Sunday, December 22, 2013

Overheard 2013 Runners Up

As the boys get older the unintentional comedy gets sparser.  This year, Teddy made far
Nice faces, boys.
more oops funnies than Charlie did through the year.  In the interest of giving the boys equal time in the Christmas letter, the cutting room floor all belongs to Ted:

Holding his trembling hand toward something he wanted:
T: I’m using The Force.
P: How’s that working out for you?
T: Not great.

With an ice cube cooling his hot chocolate:
T: My ice cube weared out fast.

Dictating an email message to family members about losing his first tooth:
T: I lost my first tooth! Ya…a…y!  In ‘yay’, put 10 A’s.”

To go down memory lane follow the tag link for Christmas Letter to see how many cute things both boys said in past years.

Tuesday, December 10, 2013

An Everyday

An Everyday

a prose poem
November 2013

Almost as soon as I get into the 
night-lit bathroom on Saturday,
I hear the smallest knock one hears
in our house.

After my "Come in." (compliant
like his mother was as a child), he
enters, his hair a true sculptural 
artifact of sleep.  He never sleeps in long.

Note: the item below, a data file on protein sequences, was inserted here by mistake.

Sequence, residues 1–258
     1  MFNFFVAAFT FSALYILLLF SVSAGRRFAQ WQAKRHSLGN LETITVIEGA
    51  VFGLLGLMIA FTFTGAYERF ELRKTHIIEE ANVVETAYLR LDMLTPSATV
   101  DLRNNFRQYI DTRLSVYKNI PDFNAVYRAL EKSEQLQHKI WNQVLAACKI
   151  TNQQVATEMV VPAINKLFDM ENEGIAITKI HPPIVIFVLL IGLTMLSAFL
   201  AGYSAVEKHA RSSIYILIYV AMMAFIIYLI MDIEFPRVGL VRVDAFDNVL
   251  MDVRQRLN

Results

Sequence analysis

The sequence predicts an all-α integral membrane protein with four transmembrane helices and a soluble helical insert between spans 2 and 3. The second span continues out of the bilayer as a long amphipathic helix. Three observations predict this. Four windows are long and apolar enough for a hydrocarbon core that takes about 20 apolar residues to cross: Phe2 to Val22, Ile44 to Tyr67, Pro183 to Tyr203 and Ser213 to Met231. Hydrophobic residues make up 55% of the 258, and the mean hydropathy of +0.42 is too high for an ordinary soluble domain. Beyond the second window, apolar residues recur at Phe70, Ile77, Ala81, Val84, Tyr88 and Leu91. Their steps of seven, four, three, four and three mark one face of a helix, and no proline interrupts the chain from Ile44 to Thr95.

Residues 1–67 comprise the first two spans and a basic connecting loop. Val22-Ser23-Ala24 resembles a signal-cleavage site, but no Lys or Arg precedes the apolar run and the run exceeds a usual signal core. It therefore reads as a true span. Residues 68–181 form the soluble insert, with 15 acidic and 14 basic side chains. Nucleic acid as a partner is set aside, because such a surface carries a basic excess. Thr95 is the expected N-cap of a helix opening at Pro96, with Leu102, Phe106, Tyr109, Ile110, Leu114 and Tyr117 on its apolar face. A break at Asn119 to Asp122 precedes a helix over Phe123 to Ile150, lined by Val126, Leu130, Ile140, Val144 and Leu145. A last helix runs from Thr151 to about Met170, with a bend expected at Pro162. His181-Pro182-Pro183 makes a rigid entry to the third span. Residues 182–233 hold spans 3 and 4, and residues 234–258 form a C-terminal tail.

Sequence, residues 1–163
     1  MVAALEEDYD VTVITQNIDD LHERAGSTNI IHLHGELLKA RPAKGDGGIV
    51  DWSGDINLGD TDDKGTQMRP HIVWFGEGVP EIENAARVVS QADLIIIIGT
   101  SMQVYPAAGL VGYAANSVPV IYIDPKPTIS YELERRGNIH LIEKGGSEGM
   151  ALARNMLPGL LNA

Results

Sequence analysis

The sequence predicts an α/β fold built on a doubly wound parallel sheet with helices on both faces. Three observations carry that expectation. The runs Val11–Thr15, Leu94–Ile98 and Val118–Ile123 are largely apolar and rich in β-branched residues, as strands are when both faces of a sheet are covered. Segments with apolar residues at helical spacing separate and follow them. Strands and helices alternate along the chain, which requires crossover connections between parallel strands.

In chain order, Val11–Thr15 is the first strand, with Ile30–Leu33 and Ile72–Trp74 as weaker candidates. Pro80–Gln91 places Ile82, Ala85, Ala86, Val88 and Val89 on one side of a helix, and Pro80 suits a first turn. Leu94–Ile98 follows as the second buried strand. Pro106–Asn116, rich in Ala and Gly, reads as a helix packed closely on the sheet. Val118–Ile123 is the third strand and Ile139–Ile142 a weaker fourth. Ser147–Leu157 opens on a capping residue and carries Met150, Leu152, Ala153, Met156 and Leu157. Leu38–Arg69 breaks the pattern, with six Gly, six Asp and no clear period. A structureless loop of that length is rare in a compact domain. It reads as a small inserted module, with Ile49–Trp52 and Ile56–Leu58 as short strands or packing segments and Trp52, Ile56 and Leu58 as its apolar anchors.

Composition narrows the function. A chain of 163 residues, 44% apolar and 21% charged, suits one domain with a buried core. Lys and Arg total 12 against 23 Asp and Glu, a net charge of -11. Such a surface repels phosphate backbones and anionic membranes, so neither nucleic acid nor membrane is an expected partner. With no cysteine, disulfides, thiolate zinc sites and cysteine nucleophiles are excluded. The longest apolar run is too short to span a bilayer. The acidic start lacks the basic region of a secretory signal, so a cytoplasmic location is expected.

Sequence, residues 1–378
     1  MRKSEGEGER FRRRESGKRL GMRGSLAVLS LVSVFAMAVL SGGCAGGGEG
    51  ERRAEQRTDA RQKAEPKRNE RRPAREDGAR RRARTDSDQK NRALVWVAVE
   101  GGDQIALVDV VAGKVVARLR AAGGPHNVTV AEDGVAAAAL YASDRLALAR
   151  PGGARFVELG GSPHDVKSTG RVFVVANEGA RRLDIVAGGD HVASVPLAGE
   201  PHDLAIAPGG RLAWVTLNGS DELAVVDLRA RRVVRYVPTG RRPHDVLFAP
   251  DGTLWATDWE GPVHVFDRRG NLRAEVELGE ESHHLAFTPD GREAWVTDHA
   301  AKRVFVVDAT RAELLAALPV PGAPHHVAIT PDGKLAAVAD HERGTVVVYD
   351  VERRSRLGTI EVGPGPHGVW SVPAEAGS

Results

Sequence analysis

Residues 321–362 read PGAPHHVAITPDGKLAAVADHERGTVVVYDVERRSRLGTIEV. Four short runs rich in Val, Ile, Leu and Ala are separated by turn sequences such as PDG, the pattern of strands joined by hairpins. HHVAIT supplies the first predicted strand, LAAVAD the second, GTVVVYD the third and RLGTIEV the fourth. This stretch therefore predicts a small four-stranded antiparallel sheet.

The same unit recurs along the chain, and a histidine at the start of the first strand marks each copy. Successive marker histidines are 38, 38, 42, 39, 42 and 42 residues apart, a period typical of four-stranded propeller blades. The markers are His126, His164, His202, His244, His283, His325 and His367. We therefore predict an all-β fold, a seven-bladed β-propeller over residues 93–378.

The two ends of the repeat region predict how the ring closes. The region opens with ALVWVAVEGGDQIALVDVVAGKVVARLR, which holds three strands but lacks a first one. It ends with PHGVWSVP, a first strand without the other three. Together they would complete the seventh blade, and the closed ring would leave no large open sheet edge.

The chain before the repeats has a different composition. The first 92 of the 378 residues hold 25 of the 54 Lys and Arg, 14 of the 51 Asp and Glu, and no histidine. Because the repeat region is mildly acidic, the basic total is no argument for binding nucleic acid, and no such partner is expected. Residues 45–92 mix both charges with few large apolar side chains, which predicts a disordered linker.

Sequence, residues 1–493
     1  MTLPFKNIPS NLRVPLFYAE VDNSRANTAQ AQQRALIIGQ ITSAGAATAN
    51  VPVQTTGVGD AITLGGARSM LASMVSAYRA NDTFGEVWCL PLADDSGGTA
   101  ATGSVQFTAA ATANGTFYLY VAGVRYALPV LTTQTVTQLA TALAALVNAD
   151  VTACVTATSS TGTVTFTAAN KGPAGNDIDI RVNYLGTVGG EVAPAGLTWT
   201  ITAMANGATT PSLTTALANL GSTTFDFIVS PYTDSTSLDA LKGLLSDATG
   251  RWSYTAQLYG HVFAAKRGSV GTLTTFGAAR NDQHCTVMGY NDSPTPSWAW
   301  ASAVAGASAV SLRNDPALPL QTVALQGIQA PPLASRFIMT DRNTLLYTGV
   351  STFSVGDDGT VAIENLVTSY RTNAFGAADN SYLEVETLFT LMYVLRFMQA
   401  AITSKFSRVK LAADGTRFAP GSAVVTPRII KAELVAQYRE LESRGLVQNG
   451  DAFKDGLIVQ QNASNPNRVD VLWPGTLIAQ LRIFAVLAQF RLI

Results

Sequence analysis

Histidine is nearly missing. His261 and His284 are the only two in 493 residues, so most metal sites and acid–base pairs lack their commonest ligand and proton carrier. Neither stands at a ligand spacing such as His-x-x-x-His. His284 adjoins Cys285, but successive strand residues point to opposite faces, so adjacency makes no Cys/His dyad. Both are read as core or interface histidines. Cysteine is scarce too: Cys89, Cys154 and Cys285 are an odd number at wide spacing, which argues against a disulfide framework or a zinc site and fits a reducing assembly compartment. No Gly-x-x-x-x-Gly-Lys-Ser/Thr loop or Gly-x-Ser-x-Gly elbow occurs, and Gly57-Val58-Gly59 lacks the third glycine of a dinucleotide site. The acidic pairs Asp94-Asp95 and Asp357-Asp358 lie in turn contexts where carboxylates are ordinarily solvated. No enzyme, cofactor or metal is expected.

Running the hot water for my 
shave, I watch him paste up his toothbrush.
Rather than "Good morning", he says
"I need cold."

Sighing, I switch from
hot to cold for him.

Just like I do, he sticks the pad
of his pinkie into the stream to
see if it's cooled to his liking.

Then it's back to hot for my shave.
And we're standing side by side
Y shaving, 1/2Y brushing.

When I thought about being a
father, I thought about feeding
and clothing, looking out for health,
teaching children right from wrong
and how the world works.

I didn't think much about
shaving cream and toothpaste
squeezed out simultaneously.
I didn't contemplate
competing demands for hot and cold water.

I didn't reckon with
a roommate thirty years my junior
sharing the sink.

While I help them learn how to live,
I also live with them.

And the lack of these 
moments will make me miss
them when they have new roommates
in East Lansing or Lewisburg.

Quiet dinners and clean, orderly rooms
will make me miss them.
Already, when they're gone for just
a day, their mother and I mock-remind
each other of chores to do.
They are not there to remind.
How will we handle it when they're
not coming back to share our